Lilac French Bulldogs: Should you get one?
Lilac French Bulldogs are one of the major Frenchie trends concerning their coat color; everyone wants one! Still, our duty as a community is to offer you verified information about this “rare” color in our favorite breed, and the dangers behind it. Many doubts have arisen online about this variation on Frenchie:
- Are they good or bad?
- Is this a natural color?
- Are they all sick?
Here you’ll find everything you need to know about Lilac French Bulldogs! After reading this article, you’ll know for sure if you should get one or not. Let’s find out!
Lilac French Bulldogs: what’s all the fuss about them?
Lilac French Bulldogs are the ones that have a blueish or lilac hue, pretty similar to the Blue French Bulldog we’ve talked about. They can have all the different patterns or markings of a regular Frenchie, the only difference is the slightly Lilac coloration you can perceive with specific lighting.
They are indeed cute, yet not accepted by any Kennel Club or respectable breeder’s community. Most of the breeders that specialize in this type of Frenchie are not part of those communities either and are perceived as unethical. This is mostly because this is not a natural color in a French Bulldog. Instead, it’s a fad color, which couldn’t appear by mistake.
What causes this Lilac coat?
The Lilac coat is produced when certain genes interact in a Frenchie’s DNA. Two main genes play a role in this coat; D-genes and B-genes, both associated with Blue and Chocolate French Bulldogs. They are both dilution genes in charge of watering down colors present in a Frenchie’s coat by interacting with other dominant genes. They are also recessive, so you would need two pairs of genes in each Loci to get a Lilac Frenchie, and no other dominant genes present.
To produce that coloring, Blue and Chocolate Frenchies are mixed to obtain Lilac puppies.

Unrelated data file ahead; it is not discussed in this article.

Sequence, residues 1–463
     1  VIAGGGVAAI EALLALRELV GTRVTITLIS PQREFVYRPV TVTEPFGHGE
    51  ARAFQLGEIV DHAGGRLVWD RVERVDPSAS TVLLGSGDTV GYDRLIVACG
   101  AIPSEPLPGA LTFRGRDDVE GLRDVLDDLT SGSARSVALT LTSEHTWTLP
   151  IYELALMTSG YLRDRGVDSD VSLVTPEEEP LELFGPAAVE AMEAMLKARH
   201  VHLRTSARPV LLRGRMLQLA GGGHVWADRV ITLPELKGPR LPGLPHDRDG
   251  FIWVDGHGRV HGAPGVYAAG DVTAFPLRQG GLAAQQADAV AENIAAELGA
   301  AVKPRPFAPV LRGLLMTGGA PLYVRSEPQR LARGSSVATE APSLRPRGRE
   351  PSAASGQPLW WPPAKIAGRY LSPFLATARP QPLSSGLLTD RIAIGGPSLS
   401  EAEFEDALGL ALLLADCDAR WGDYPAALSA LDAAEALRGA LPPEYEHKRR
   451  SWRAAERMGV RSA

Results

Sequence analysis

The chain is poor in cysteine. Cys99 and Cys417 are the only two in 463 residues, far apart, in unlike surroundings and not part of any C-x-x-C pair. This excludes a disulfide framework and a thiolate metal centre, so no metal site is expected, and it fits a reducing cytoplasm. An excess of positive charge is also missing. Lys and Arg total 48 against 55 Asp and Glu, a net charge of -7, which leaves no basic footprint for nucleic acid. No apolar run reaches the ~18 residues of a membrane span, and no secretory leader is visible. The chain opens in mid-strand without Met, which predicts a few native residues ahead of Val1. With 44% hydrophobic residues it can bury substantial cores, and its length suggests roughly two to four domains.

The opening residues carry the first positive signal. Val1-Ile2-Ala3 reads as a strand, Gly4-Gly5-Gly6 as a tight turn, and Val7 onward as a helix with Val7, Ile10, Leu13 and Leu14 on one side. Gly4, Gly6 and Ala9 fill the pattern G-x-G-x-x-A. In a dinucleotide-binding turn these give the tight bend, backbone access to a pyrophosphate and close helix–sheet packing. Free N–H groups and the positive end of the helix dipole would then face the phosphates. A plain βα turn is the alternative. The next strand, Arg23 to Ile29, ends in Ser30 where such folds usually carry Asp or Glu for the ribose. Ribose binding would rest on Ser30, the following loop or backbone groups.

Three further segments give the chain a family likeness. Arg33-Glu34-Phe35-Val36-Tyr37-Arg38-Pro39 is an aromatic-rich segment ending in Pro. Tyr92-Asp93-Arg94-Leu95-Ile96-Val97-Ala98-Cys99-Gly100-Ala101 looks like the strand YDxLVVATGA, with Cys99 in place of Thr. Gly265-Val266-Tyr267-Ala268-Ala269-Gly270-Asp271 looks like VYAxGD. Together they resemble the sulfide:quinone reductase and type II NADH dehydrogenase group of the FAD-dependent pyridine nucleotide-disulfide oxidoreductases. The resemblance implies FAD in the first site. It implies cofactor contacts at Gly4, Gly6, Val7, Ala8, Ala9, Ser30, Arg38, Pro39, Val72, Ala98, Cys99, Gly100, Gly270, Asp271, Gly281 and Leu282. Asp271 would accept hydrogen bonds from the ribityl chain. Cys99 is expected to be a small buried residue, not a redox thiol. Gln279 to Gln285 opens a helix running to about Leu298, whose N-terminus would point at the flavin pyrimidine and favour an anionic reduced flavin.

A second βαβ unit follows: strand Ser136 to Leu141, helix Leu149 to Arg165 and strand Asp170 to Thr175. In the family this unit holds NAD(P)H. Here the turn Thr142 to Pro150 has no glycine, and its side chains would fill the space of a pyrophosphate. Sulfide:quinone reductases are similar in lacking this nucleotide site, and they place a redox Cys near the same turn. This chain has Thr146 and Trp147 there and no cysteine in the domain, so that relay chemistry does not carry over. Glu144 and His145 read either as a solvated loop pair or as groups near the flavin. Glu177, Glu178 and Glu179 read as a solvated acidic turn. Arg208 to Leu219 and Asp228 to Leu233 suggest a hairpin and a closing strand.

Lilac French Bulldogs: What’s wrong with them?
One of the main reasons people should avoid getting one of these dogs is that they have issues similar to the ones present in Blue Frenchies. Since both dilution genes are replicated, the resulting french bulldog puppies may have:
- Blue or Yellow eyes: This eye color in Frenchies is unnatural and can cause blindness and cataracts at a young age.
- Skin issues: Issues like Color Dilution Alopecia are also present. It’s important to note that this causes further complications related to inflammation and scarred skin in French Bulldogs, not to mention the increased proneness to diseases and allergies.
Ultimately, this coat color is often related to a lower quality of life in French Bulldogs, and a rise in vet expenses as the dog grows older. Some of them die at an early age from issues related to these conditions, which can be a source of immense pain for unaware owners.
Additional to that, they’re not an accepted variation that should be replicated.
Even though there’s a crowd of defenders comprised of breeders and owners that claim Lilac French Bulldogs can be healthy, there’s too much risk behind them. Some believe that their issues can be ruled out genetically so only healthy ones are replicated. However, it’s clear to us that the main risks are still there, and that it’s a gamble we’re not willing to take. The main motivation behind this practice is money!
Also, they’re not an accepted variation of the breed, so replicating it will harm the perception of French Bulldogs uneducated people may have. If you’re interested in French Bulldogs, you should get one that is within the standard. Make sure to educate yourself on that matter before trying to get one.
So, do you still want a Lilac Frenchie?